Irom Sharmila ends 16-year fast in court
09 Aug 2016
Irom Sharmila, the iconic activist who has not eaten a morsel for 16 years in protest against alleged army atrocities in Manipur, ended her epic fast today.
The 44-year-old has been force-fed through a nasal tube for years at a prison hospital in Imphal. She broke her fast at a court, taking the first in a series of steps towards a new life that will include politics and marriage.
In 2000, the death of 10 people in firing by security forces drove Sharmila to launch a hunger strike, to demand the repeal of the Armed Forces Special Powers Act (AFSPA) that gives the Army sweeping emergency powers in the northeastern state.
Today, she is ready to take a different route to this goal. She has said that she will contest elections as an independent candidate and aspires to be the chief minister of Manipur and remove the draconian AFSPA act.
Her announcement on 26 July that she would end her fast and join politics stunned not just her supporters but also her family (See: Irom Sharmila to end 16-year-old hunger strike on 9 August).
Sharmila arrived in the court in an ambulance amid tight security and informed the court of her decision to end fast.
She urged the court to expedite the process for her release, to which the court agreed and asked her to submit a bond. Sharmila, who had initially refused to sign a bond, later signed a bail bond of Rs10,000 after which she was formally set free. A large number of supporters were with her as she ended her fast, though her 84-year old mother id not attend.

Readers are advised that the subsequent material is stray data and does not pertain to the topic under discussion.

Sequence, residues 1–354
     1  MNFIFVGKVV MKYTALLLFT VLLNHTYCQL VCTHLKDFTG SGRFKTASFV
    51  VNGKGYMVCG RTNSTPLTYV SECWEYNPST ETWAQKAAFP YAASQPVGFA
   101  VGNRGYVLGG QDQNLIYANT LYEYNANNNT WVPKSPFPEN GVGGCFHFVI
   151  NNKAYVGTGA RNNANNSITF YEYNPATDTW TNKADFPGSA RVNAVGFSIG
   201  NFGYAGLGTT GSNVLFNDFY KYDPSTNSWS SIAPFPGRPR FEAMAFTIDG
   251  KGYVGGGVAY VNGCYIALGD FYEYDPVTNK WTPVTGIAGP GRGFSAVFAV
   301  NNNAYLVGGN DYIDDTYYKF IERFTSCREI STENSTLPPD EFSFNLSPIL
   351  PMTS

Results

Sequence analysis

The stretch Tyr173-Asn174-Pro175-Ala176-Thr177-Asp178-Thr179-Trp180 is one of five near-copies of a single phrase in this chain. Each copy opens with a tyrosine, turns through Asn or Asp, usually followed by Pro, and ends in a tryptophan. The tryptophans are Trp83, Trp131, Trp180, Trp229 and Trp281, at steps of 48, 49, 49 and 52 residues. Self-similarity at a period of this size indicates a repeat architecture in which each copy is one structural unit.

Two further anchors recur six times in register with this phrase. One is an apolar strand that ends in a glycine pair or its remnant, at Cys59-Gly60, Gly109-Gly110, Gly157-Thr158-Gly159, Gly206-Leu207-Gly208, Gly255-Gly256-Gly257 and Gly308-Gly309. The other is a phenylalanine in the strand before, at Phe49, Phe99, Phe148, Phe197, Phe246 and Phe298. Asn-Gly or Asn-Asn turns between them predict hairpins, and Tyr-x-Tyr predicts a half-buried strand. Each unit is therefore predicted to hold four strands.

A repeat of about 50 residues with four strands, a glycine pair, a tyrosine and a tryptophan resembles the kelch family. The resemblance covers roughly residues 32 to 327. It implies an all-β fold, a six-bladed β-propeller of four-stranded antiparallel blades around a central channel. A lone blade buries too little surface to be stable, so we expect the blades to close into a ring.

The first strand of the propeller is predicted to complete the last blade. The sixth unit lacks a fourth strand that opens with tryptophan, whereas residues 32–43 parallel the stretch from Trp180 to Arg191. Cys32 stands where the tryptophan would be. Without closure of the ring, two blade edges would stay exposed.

"She is waiting for the moment of her victory which will come only when AFSPA is repealed," said Irom Singhajit, her brother.
Doctors say the activist might have to be on a liquid diet for the next few days.
"A person who has not eaten solid food for 16 years cannot start it suddenly. She has to start slowly and gradually in small quantities," said a doctor at the Jawaharlal Nehru Institute of Medical Sciences Hospital.
Sharmila's struggle has been the pivot of protests against AFSPA in Manipur and other northeastern states.
Those who lost their relatives in firing by security forces say they will continue their fight.
Balo Loitangbom, a close associate of Irom Sharmila, said, "No politician met her in the last 15 years for even 15 minutes. So she wants to change her tactics."
The last time Irom Sharmila tasted freedom briefly, she had hinted that she may break her fast.
She had also spoken about her relationship with a man through letters only. Desmond Coutinho, a Goa-based British citizen, began writing to Sharmila years ago and even met her. Sharmila has said that she wants to marry him.